Re: Power In Eduation & Foucault

1) your question didn't concern the "theoretical apparatus" for his
investigations, nor the "philosophical frame for his observations". Your
point was a crude one: Foucault is overblown when he suggests (and you
entirely miss the strategy and the irony of him saying it, assuming that I
one the other hand naively believe) that prisons bear an equivalence to
schools, to factories, to asylums, etc. We might note, by the way, that
Foucault never quite states this supposed equivalence as strongly as you
suggest. The line at the end the chapter on 'panopticism' is somewhat
ambiguous; 'ressemble' is the French, which does not mean homologous (the
word you used).
2) you may think its naive to say that 'Foucault did a lot of reading
and says what he saw' (which is itself a vulgarization of the spirit of
what I wrote), but that is of no consequence to me. You are free to read
this statement in any way you like; I was simply saying for me--more and
more--after reading him and using his work (not uncritically, but
practically) for many years, his thought has taken on a kind of urgency.
Certainly the situation to which his thinking relates (of which you say
nothing, by the way) has become more urgent; indeed has radicalized beyond
measure. I have to say that I have gotten to the point--which is not to
say that I won't listen to your concerns, or to say that you can't have
your critical dialogue--where I'm tired and astounded by the way in which
his thought (along with his friends--I think of Deleuze) has been made into
some kind of parlour game. To me its simply incredible, and the worst form
of disservice to Foucault himself. Sure, disagree. But make the
disagreement positive--the jumping off point of an alternative reading, a
new insight--instead of taking the easy route and criticising Foucault for
talking about prisons from the "ivy-halls" of the College, or saying simply
'in my opinion he goes too far'.
3) So you find blindness in Foucault? I prefer not to pick and choose.
I prefer to look for the powerful; to give Foucault my time and attention,
and to forgive him his passions, his occaisonal leaps. Because when he
does so--it seems to me--he does so with open eyes; he's looking for escape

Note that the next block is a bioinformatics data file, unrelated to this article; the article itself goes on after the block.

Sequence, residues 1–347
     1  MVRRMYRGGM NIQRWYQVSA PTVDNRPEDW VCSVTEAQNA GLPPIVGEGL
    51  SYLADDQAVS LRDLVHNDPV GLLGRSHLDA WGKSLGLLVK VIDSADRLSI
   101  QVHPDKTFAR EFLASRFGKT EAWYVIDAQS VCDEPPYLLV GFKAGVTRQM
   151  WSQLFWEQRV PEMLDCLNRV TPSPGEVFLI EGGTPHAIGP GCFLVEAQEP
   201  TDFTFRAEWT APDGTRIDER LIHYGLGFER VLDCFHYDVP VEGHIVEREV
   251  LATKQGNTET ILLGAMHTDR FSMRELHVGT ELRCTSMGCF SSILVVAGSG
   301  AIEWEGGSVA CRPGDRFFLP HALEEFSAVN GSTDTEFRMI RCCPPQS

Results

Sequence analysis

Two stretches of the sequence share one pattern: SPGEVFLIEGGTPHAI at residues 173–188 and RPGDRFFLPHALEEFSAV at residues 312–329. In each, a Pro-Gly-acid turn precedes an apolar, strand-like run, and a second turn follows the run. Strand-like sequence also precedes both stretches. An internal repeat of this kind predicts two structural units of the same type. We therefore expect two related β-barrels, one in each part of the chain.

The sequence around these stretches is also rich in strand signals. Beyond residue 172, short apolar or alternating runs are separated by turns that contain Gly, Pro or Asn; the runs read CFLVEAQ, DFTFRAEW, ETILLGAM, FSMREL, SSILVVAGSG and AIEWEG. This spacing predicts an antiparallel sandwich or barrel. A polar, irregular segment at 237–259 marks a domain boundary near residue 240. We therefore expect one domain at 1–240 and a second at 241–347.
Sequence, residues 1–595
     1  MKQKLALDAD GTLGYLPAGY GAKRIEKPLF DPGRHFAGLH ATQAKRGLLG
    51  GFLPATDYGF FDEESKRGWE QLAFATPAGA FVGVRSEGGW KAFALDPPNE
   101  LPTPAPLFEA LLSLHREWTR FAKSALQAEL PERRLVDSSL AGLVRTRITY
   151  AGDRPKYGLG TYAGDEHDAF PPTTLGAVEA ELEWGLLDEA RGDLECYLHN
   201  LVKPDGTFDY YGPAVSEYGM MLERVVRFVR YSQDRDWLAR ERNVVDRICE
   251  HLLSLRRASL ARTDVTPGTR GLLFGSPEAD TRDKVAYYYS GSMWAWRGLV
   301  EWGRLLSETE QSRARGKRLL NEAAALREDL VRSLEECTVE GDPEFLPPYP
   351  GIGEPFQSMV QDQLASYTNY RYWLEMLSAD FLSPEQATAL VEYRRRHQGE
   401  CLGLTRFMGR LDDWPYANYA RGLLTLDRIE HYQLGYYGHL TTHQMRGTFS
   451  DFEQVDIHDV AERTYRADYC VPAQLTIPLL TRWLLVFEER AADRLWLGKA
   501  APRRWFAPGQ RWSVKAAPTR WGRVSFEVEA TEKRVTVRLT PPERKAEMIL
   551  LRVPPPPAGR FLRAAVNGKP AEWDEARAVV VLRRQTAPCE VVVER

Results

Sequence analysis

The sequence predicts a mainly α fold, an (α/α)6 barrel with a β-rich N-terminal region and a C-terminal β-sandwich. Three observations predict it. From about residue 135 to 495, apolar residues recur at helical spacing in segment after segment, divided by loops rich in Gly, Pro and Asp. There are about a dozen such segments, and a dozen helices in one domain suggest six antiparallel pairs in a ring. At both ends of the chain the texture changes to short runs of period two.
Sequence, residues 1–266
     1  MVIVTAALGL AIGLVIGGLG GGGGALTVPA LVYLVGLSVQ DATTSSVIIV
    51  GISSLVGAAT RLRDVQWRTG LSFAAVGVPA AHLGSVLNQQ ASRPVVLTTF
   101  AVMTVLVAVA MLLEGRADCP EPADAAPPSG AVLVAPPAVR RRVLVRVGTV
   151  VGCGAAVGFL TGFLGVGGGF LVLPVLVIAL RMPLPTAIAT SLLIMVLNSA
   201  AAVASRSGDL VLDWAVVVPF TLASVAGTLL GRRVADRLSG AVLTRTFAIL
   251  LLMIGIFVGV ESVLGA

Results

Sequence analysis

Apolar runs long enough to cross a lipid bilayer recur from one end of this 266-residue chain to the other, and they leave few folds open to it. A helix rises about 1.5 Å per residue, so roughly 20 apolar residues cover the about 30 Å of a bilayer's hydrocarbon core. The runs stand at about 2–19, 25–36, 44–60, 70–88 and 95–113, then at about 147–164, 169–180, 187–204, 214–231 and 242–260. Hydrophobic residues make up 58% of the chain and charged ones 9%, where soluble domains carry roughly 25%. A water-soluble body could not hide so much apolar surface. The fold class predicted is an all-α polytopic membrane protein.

routes. He's not judging or pronouncing. He's not ending the debate but
opening it (in our heads). He's not speaking truths, but suggesting
objections which become the grounding--in partnership, hand-in-hand, if you
like--in the search for a difficult truth. Does giving him some slack make
one naive; does it mean taking Foucault to be some kind of God, beyond
criticism? If that is your opinion (as it seems), it's you that's naive.
I haven't struggled with his thought for so many years, almost felt at
times his presence with me--his own finger pointing to the words as he
leans over me and I read--without, I admit, coming to love him, and his
thinking. Does this make me his slave, or does it mean that I attempted to
deeply understand the reasons for him saying certain things; that I took
his work as whole--tried to accept each part of it--in order to better
understand him, and his thought?
4) "The significance of the difference between authority and
authoritarianism is that it is the conceptual core of the difference
between a liberal democracy and a fascist or Stalinist state." A
difference which though significant on the surface is about, all the same,
the difference as represented in the distance between two angels dancing on
the head of a pin. Is it not obvious to you (I'm simply presuming you've
done your groundwork) that the emergence of the State
presupposes--includes--each of these forms in a single form? Isn't it one
of Foucault's insights to say that that the liberal state was in fact first
the police state, and that what becomes the police state is in fact a
vulgarization (in some senses an abberation) of the liberal state? You
speak of democracy as if it were a given. Let's quote Voltaire; "Are you
still ignorant of the first principles of the police?" Have you read
Justi, Sonnenfels, Seckendorf, Dithmar, Darjes, Zinke, Moser? Tell me what
you find there in terms both of public assistance and the spirit of
democracy. (Napoleon enters: "It is good policy to make a people believe
they are free. It is good government to make them as happy as they wish to
be." .... "The true policy of a government is to make use of aristocracy,
but inder the forms and the spirit of democracy." ... will you deny this
I submit to you that your "basic analytical distinctions" are
ahistorical, liberal and dangerous.
5) Tell me where Foucault advocates "democratic rule" (an exact phrase
match please). I don't think he shared, either, your sense of "political
6) Why do you respond to me only in part? Do you have a response to my
rejection of your criticism of Foucault's institutional positionality? Do
you have a response to the point I was making about the implicit prejudice
in your criticism against officials and guards, and people 'in power' (and
how such a reading is alien to Foucault's conceptualization of the

best wishes/sincerely,
Ian R. Douglas | Watson Institute for International Studies
Brown University, Box 1831, Providence, RI 02912 USA

tel: 401 863-2420 fax: 401 863-2192

"Answer me using simple words, not the
hollow ones." - Marcel Duchamps

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